All those who own cars must have insurance. 90 percent of car accidents are due to driver error. What if there is no driver? That scenario, as futuristic as it might sound is on the Horizon. Google, for one is experimenting with driverless cars. Will you still need insurance if you’re not the driver?
A recent article on the Marketplace website addresses that issue. The Insurance Institute for Highway Safety says that if all cars had some semi-autonomous systems, such as collision- and lane-departure warning systems, nearly a third of all crashes would be eliminated.
And what does fewer crashes mean? It means lower premiums for drivers and fewer losses for insurers to cover. According to the Marketplace, auto-insurance premiums totaled about $200 billion in 2013. Donald Light of the consulting firm Celent predicts premiums would be cut almost in half.
“The overall size of the automobile insurance industry, over say a ten-to-15-year period, is definitely going to shrink. The amount of losses are going to be a lot less and the premiums are going to be a lot less.”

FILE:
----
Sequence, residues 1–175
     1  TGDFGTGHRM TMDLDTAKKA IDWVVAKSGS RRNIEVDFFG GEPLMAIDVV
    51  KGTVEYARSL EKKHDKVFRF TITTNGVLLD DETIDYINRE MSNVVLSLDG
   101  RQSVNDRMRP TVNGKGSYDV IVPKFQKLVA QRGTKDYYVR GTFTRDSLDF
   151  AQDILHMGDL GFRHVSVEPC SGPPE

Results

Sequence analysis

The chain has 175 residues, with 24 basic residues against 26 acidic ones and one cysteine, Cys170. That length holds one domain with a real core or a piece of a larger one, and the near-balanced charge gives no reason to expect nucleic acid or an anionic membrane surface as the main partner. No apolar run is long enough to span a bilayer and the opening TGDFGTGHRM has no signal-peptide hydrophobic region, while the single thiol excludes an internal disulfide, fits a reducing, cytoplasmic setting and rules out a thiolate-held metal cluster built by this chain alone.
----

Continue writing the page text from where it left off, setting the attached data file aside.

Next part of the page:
Marketplace also points out that automated cars will have an impact way beyond the insurance industry such as fewer injured drivers, less need for repairs and lower demand for replacement parts and roadside assistance.
But will automated cars really be safer? It depends, says Neville Stanton who researches the safety of car automation systems at the University of Southampton in the UK. He found that the safety all depended on how automated the vehicle is. He found that the more automated the vehicle is , the less safe it is.
It takes drivers five times as long to respond in emergency in a fully automated vehicle as it does in a manually controlled vehicle.So the driver’s still manually in control of the vehicle, but the automation’s been there to support them in that driving task. So it’s not taking over that driving task.